High debt, but solid banks - Press release - Norges Bank
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High debt, but solid banks – Press release – Norges Bank

November 6, 2019

Financial system vulnerabilities in Norway have not changed substantially over the past year. After rising sharply over a long period, commercial and residential property prices are at high levels. Over the past few years, house prices have risen more slowly than income.

“Household debt is high, but debt accumulation is slowing“, says Deputy Governor Jon Nicolaisen.

Jon Nicolaisen

In recent years, the Norwegian authorities have implemented a number of measures to mitigate financial system vulnerabilities. The regulation on new residential mortgage loans, credit registers and new measures targeting the consumer credit market are dampening household debt growth. At the same time, banks’ capital and liquidity requirements have become considerably stricter, and banks have maintained profitability and solvency and have ample access to funding.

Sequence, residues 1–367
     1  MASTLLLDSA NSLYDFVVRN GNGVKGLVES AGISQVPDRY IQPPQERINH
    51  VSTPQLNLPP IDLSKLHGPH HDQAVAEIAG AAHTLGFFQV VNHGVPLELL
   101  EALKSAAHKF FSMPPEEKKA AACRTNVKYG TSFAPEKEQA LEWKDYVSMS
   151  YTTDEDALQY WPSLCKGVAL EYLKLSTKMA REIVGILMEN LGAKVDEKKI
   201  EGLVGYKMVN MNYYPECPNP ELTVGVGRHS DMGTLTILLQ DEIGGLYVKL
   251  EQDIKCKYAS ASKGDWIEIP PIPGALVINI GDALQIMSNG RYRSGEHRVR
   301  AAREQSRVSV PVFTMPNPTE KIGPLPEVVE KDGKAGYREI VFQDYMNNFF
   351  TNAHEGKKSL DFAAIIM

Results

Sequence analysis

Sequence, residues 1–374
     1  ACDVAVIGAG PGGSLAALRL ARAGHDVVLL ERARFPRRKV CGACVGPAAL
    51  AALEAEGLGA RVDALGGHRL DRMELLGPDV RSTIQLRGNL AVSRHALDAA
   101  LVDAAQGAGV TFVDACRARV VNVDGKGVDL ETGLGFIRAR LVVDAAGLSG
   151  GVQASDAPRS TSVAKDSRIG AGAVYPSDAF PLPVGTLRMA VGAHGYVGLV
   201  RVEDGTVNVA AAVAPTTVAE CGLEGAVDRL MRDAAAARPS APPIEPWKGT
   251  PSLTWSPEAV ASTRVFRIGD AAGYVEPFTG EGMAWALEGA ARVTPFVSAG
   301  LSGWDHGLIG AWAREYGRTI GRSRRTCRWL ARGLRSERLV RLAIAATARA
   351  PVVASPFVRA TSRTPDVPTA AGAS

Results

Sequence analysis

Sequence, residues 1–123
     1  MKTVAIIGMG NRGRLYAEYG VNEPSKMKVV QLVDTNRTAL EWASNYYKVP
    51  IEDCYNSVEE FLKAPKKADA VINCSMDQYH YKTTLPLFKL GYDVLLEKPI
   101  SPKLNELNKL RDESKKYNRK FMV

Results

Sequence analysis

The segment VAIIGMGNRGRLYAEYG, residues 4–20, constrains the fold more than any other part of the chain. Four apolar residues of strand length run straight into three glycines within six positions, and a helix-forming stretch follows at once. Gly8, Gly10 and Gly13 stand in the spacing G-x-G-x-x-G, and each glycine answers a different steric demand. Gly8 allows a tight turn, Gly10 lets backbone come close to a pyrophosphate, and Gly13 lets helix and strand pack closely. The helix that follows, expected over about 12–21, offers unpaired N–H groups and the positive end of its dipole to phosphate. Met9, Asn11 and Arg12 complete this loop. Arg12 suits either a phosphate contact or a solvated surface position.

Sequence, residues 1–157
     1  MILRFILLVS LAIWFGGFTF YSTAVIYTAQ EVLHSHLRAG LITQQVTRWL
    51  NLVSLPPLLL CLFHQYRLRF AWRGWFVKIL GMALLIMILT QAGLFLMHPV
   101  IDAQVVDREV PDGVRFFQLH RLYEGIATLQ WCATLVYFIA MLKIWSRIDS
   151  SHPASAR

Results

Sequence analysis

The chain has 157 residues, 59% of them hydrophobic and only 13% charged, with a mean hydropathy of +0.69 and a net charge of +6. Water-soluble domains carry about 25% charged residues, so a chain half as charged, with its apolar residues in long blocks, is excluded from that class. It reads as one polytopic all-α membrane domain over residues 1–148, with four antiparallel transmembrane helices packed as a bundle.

The stress test in this Report shows that the banking system as a whole will be able to absorb the losses associated with a downturn in the Norwegian economy. At the same time, banks may still tighten lending, which may amplify the downturn. To counter this, the authorities can reduce the countercyclical capital buffer and allow banks to draw on the remaining buffers.

Global economic uncertainty poses a risk to financial stability in Norway. Events in the international economy and financial markets can spread to Norway, and the impact in Norway may be amplified by domestic financial system vulnerabilities.

“So far, global uncertainties have not had serious consequences for the Norwegian economy, and Norwegian banks have felt little impact, but this situation can change quickly”, says Deputy Governor Nicolaisen.

Climate change and measures to mitigate climate change will affect all segments of the economy and entail risks to financial stability. Changes in climate regulation, new technology and changing investor and consumer preferences may entail a transition risk for the Norwegian economy in the coming years. Central banks and supervisory authorities can, within their mandates, promote financial stability by helping to pave the way for the financial sector to include climate risks in overall risk assessments and communicate relevant information and by ensuring adequate capital to support all risks.

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